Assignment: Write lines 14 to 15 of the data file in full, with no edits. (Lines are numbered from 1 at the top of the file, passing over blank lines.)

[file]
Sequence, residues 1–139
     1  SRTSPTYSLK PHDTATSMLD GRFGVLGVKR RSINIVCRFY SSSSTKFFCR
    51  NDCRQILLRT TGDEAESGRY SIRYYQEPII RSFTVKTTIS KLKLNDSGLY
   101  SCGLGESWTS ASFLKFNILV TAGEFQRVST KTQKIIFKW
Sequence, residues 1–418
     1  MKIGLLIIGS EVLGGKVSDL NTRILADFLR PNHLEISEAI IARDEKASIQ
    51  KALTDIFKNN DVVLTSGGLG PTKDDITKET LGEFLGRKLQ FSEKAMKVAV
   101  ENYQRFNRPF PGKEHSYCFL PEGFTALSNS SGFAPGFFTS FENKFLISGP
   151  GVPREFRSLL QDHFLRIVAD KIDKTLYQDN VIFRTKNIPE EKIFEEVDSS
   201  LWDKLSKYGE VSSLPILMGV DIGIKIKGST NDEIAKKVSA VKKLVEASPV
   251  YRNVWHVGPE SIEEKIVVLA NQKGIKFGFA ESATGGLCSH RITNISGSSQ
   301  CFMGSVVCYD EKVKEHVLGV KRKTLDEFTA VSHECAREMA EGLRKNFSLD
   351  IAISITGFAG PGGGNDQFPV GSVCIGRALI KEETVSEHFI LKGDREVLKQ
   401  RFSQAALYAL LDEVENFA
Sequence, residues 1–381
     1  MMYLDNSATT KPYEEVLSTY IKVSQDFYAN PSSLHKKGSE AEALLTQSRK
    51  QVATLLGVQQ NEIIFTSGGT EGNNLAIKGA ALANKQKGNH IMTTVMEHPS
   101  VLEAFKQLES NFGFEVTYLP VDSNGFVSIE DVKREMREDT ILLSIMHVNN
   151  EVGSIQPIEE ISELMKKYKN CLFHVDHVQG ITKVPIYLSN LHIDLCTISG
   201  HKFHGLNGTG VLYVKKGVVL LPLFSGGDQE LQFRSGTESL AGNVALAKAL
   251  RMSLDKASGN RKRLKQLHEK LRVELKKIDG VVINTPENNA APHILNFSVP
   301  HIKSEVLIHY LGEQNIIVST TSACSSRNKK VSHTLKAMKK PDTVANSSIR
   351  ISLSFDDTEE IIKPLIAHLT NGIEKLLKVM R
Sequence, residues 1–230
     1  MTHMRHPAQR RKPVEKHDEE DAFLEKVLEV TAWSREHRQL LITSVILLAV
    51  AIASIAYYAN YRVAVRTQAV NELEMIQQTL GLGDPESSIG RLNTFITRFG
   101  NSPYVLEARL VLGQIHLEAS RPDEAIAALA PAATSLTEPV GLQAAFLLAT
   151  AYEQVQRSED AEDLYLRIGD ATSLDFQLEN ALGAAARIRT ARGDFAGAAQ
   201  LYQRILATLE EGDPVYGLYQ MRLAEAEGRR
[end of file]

   401  RFSQAALYAL LDEVENFA
Sequence, residues 1–381